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Archive for the ‘Narratology’ Category

Christobiography

In Craig S. KEENER, Gospels, Historical Jesus, Narratology, Nathan Charles Ridlehoover on October 18, 2019 at 4:00 pm

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2019.10.13 | Craig S. Keener. Christobiography: Memory, History, and the Reliability of the Gospels. Grand Rapids: Eerdmans, 2019. ISBN 978-0-8028-7675-1.

Review by Charles Nathan Ridlehoover, Columbia International Seminary.

Scholars in the New Testament guild need no introduction to the work of Craig Keener. Keener has been one of the modern masters of long-form scholarship in the field of biblical studies. Following on the heels of his work on Acts and miracles, Keener returns to the question of the Gospels’ reliability and historical Jesus. The following volume is Keener’s efforts to situate the Gospels more precisely in the ranging spectrum of Greco-Roman biographies. Keener does not view his research as another volume in historical Jesus studies, but rather, a contribution to the epistemology of historical Jesus research. Read the rest of this entry »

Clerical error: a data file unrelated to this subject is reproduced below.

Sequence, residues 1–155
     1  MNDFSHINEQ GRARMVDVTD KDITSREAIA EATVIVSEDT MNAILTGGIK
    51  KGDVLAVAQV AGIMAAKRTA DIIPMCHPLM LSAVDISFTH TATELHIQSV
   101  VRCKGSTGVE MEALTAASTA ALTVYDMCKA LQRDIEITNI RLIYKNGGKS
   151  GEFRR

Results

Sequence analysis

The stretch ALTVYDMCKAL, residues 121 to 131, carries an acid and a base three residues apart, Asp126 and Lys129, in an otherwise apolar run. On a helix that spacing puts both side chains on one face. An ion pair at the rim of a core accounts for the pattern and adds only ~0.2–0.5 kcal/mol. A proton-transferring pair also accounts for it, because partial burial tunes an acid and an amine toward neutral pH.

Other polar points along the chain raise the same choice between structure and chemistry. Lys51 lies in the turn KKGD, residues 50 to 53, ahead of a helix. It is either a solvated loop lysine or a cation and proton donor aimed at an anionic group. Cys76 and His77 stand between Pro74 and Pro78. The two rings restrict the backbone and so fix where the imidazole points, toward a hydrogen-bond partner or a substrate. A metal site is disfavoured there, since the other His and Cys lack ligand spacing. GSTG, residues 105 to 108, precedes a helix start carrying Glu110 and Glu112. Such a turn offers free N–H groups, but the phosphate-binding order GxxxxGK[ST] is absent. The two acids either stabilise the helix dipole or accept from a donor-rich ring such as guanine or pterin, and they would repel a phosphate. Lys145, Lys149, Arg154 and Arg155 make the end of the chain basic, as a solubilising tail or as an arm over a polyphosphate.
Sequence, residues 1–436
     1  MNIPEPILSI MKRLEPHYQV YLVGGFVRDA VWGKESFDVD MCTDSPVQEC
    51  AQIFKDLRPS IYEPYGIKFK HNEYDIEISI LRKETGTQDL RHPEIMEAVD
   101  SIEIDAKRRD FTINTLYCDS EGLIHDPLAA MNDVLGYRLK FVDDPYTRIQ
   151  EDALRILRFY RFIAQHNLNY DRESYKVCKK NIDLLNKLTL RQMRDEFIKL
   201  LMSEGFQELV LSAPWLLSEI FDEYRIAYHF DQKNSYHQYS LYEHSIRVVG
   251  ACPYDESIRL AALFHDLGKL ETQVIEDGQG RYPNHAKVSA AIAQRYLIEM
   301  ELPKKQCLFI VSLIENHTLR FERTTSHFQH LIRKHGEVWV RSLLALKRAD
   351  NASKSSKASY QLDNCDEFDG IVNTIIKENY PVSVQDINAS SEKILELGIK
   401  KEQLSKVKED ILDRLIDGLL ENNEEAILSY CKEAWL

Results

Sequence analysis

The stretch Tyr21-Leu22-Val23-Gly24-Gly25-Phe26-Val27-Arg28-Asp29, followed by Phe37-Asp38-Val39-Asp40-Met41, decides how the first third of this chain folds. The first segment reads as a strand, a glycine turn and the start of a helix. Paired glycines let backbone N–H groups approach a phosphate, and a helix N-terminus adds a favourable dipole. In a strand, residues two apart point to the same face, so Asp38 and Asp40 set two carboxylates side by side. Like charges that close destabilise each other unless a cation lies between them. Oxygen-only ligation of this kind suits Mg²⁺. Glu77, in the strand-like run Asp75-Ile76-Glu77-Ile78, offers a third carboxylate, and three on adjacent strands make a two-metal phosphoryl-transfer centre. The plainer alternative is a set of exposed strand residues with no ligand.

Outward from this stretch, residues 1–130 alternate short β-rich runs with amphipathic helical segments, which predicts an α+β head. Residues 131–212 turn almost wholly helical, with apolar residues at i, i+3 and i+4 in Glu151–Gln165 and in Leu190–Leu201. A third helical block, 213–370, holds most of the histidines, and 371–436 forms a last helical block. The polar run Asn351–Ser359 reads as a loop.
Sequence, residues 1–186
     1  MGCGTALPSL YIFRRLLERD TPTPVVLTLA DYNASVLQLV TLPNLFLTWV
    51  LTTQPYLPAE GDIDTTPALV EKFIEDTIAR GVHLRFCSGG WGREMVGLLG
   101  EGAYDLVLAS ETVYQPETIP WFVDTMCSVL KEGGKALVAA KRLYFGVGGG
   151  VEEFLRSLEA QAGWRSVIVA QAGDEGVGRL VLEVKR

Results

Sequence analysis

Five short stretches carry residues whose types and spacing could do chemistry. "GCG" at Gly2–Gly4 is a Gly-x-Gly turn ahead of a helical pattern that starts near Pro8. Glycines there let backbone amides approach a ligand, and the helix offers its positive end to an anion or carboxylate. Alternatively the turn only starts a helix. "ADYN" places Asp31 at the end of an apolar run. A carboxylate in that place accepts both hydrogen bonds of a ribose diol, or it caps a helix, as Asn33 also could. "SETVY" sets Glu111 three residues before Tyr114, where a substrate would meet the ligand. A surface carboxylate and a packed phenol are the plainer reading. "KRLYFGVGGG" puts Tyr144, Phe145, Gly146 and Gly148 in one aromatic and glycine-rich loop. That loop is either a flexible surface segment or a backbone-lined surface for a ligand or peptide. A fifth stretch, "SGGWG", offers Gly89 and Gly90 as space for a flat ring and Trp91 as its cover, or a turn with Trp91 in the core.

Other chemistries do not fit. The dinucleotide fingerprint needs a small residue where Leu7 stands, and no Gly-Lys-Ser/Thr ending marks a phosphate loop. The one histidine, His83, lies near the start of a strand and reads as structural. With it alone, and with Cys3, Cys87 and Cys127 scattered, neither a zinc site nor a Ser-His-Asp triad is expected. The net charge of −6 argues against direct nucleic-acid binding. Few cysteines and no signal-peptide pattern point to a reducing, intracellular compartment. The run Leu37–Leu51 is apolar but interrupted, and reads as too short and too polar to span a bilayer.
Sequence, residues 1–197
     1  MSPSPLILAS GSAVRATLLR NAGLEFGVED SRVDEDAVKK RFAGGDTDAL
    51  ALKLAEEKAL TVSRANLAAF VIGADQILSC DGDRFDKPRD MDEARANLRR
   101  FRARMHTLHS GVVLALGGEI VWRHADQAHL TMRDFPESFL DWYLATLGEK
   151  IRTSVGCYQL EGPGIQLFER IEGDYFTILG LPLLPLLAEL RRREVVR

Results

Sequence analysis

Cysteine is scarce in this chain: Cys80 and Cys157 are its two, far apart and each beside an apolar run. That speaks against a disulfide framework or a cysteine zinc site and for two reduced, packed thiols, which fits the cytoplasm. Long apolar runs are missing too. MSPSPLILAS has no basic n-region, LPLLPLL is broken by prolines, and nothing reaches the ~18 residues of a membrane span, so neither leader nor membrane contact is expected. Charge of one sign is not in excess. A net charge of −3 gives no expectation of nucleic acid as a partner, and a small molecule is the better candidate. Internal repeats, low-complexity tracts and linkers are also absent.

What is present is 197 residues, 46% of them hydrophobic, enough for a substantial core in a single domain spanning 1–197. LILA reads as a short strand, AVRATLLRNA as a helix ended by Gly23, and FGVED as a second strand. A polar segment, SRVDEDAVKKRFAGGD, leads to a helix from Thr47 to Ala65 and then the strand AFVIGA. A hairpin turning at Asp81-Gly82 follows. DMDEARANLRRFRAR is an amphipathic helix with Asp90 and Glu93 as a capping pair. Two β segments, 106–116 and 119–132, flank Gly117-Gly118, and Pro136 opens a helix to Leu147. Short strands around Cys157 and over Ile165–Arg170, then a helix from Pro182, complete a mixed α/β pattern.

A Grand Gathering of Johannine Characters

In Character studes, D. François TOLMIE, Gospel of John, Josaphat Tam, Mohr Siebeck, Narratology, New Testament, Ruben ZIMMERMANN, Steven A. HUNT on March 1, 2014 at 12:23 pm

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2014.3.4 | Steven A. Hunt, D. François Tolmie, and Ruben Zimmermann eds., Character Studies in the Fourth Gospel. WUNT 314. Tübingen: Mohr Siebeck, 2013. Pp. xvii + 724. ISBN: 9783161527845. 

Review article by Josaphat Tam, University of Edinburgh.

Many thanks to Mohr Siebeck for providing a review copy.

This is a “grand gathering” of Johannine characters (and scholars).  The present work is by far the most complete edited volume on Johannine characters studies.  The aim is clearly stated, “to offer a comprehensive narrative-critical study of nearly every character Jesus… encounters in the narrative world of the Fourth Gospel” (xi).

Roughly seventy characters are included in the present volume.  Almost every character you can think of in John can be found there. Being so exhaustive, there is surprisingly no treatment of “Jesus,” the very key character in John.  Read the rest of this entry »